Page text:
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Russia launched its new nuclear icebreaker just as Norway and the EU have started helping financially and technically to cleanup one of Russia’s old nuclear waste ships! The US, Europe (including Norway), Canada, and Japan have given billions to Russian nuclear cleanup efforts, freeing Russian funds to develop more nuclear icebreakers, submarines, etc. This goes back to the Bush years, when Bush loved Pootie, Poot, Putin (and Russian oil and gas). So, the “west” has been helping to cleanup old Russian nuclear, while Putin uses the money saved to invest in new nuclear.

Norway and the EU/European Bank of Reconstruction and Development (EBRD) are helping to pay for the current clean up of the Russian nuclear waste ship Lepse. What happened to Norway saying that they weren’t going to pay for cleaning up Russia’s nuclear messes anymore? And, why isn’t BankWatch.org watching this EBRD project?

Western countries have paid billions through the years to help poor little Russia cleanup its radioactive messes, with the United States apparently paying the most. Regardless of whether or not the US is currently paying, the US (taxpayer) is paying with its debt burden. A sucker is born every minute!

John Bolton testified to the US Senate in 2004:
The United States is completing a multiyear effort to dismantle Russian decommissioned strategic nuclear submarines, with $372 million funded to date.

In addition, to assist our Global Partnership colleagues, we have authorized the use of equipment belonging to the U.S. program by other countries to dismantle Russia’s general-purpose nuclear-powered submarines.

Under the Global Partnership, Canada, the European Union, Finland, France, Germany, Italy, Japan, the Netherlands, Norway, Sweden, and the United Kingdom are or will soon be providing substantial contributions for nuclear submarine dismantlement and related activities for the safe handling and storage of their associated nuclear and radioactive waste.” (John Bolton, June 15, 2004)

John Bolton’s Curious Appearance In A Russian Gun Rights Video” March 22, 20185:01 AM ET https://www.npr.org/2018/03/22/595897412/john-boltons-curious-appearance-in-a-russian-gun-rights-video Video still available here: https://youtu.be/EytAMUUH9Yc

Russia, eyeing Arctic future, launches nuclear icebreaker
Posted:Sat, 25 May 2019 14:06:41 -0400
Russia launched a nuclear-powered icebreaker on Saturday, part of an ambitious program to renew and expand its fleet of the vessels in order to improve its ability to tap the Arctic’s commercial potential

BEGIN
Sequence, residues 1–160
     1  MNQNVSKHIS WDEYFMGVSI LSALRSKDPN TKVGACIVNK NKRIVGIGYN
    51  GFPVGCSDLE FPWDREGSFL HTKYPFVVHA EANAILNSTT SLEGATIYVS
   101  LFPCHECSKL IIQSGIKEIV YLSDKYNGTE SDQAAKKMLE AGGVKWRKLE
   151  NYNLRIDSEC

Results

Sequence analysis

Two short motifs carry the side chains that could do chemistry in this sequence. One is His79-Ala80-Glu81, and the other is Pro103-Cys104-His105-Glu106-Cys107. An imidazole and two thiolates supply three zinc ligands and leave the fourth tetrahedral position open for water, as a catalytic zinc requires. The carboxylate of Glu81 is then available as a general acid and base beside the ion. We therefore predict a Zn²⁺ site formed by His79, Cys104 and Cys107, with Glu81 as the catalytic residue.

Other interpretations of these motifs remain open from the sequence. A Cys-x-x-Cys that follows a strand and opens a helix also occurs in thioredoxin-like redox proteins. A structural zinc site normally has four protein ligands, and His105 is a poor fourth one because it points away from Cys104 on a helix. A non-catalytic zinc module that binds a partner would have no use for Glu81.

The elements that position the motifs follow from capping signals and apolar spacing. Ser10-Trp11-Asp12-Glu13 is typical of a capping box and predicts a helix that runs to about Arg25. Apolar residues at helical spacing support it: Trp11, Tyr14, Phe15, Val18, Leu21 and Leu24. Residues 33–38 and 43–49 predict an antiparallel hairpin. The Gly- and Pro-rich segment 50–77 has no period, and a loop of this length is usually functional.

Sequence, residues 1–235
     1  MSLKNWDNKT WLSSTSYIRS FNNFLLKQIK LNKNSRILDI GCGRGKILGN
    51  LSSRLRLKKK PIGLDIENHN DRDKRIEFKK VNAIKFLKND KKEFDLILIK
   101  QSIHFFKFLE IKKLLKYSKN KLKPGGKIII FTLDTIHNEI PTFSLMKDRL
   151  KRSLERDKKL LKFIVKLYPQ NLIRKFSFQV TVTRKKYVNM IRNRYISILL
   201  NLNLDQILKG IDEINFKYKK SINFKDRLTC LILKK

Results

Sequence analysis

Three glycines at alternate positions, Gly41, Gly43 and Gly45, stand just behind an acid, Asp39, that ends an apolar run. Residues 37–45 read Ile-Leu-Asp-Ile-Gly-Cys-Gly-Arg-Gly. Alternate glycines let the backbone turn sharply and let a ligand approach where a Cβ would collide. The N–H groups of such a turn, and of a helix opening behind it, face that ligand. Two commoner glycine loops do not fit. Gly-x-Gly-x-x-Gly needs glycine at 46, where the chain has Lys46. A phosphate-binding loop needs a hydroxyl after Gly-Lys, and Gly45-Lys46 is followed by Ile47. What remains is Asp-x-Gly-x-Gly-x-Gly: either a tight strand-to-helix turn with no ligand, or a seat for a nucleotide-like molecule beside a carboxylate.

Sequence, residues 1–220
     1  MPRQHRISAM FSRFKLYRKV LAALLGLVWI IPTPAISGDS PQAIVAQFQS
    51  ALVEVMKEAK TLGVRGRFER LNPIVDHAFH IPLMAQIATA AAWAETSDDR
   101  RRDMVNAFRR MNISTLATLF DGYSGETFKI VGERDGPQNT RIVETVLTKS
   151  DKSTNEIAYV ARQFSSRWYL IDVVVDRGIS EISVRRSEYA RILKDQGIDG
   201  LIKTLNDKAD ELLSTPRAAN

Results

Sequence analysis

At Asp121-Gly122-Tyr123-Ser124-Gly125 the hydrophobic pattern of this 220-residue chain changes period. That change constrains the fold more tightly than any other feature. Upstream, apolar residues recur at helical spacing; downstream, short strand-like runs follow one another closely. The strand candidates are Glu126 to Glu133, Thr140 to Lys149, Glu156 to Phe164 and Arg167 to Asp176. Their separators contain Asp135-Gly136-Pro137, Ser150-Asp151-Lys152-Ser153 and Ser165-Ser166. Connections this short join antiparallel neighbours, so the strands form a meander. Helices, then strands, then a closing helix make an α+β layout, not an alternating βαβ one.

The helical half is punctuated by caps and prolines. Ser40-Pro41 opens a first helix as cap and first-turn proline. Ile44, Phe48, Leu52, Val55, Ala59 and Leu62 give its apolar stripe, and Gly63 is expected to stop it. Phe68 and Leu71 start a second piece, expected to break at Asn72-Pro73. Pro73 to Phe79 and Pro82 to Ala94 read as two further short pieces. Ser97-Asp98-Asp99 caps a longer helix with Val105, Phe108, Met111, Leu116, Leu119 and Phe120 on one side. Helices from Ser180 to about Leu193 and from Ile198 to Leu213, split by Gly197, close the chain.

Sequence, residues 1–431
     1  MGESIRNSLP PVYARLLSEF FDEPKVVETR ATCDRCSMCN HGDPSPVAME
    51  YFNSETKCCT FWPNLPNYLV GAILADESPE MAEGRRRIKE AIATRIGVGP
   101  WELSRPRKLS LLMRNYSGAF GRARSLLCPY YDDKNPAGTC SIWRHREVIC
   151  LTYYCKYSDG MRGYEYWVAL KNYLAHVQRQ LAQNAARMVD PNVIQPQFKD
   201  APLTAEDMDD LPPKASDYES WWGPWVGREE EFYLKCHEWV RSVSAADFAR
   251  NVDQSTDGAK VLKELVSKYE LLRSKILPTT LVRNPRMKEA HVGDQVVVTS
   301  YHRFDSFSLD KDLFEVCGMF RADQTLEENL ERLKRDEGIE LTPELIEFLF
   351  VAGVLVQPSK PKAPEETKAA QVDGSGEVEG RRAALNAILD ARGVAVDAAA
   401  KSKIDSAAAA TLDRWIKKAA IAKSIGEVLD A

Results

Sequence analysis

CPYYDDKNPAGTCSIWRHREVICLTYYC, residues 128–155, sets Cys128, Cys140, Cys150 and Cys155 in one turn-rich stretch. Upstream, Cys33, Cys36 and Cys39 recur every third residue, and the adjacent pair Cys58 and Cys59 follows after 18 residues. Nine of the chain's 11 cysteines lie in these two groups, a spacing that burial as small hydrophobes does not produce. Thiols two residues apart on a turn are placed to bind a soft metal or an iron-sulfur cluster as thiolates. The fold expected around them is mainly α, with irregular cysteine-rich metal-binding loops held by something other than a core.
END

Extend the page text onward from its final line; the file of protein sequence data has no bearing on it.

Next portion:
. http://feeds.reuters.com/~r/reuters/environment/~3/8MivwYi1src/russia-eyeing-arctic-future-launches-nuclear-icebreaker-idUSKCN1SV0E4

Excerpt from “Work on removing nuclear waste from 85-years old ship has started in Russia’s north: The compartment with hundreds of partly damaged spent fuel elements is taken into a shelter to minimize the risk in case of radioactive leakages“, By Thomas Nilsen May 23, 2019:
Both neighbouring Norway and the European Union have financially and technically assisted Russia with securing the nuclear waste ship and preparing for the work now started. Expenses for the shelter and robotics are co-financed by the European Bank of Reconstruction and Development.” Barents Oberver via https://nuclear-news.net/2019/05/25/a-high-risk-operation-removing-spent-nuclear-fuel-from-russian-ship-lepse

Bellona reported in 2003:
World Funding Pours Into Russia for Nuclear Cleanup and Sub Dismantling: It may have taken more than a year to kick-start the $20-billion pledges made at the Kananaskis, Canada, Group of Eight industrialized nations conference of June 2002, but, at last, some of the international funding spigots to help Russia deal with radioactive waste from its vast arsenal of decommissioned submarines and other radioactive hazards are opening“. By Charles Digges, Published on July 16, 2003.  Read the article here: https://bellona.org/news/nuclear-issues/radioactive-waste-and-spent-nuclear-fuel/2003-07-world-funding-pours-into-russia-for-nuclear-cleanup-and-sub-dismantling

While we say “a sucker is born every minute“, this almost certainly had to do with oil and gas companies involved in Russia, including the Caspian Pipeline Consortium.

More testimony from John Bolton: “At their June, 2002, Summit in Kananaskis, G-8 Leaders pledged to raise up to $20 billion to be spent over ten years for nonproliferation, disarmament, counter-terrorism, and nuclear safety projects in the states of the former Soviet Union. This commitment attempts to prevent terrorists or states that support them from acquiring or developing weapons of mass destruction, missiles, and related materials, equipment and technology./ The Global Partnership accomplished a great deal in the past two years, making progress towards its commitment to raise up to $20 billion, expanding participation, laying solid groundwork for cooperation, advancing current programs, and launching new projects. This United States initiative attempts to leverage our G-8 partners to match our own billion-dollar-per-year programs. / To date, the seven other G-8 states and the European Union have pledged about $6.5 billion. In addition, Russia plans to spend $2 billion of its own funds. Six new donors that joined in 2003 — Finland, the Netherlands, Norway, Poland, Switzerland, and Sweden — have committed about $210 million. Concrete results are now appearing in projects underway or about to begin with funding mobilized from the Partnership. The United States considers the $20 billion goal of the Global Partnership to be a floor and not a ceiling. We made this position quite clear at Kananaskis and subsequently, and more recently in the President’s February NDU speech. We hope to persuade our G-8 colleagues to consider it the same….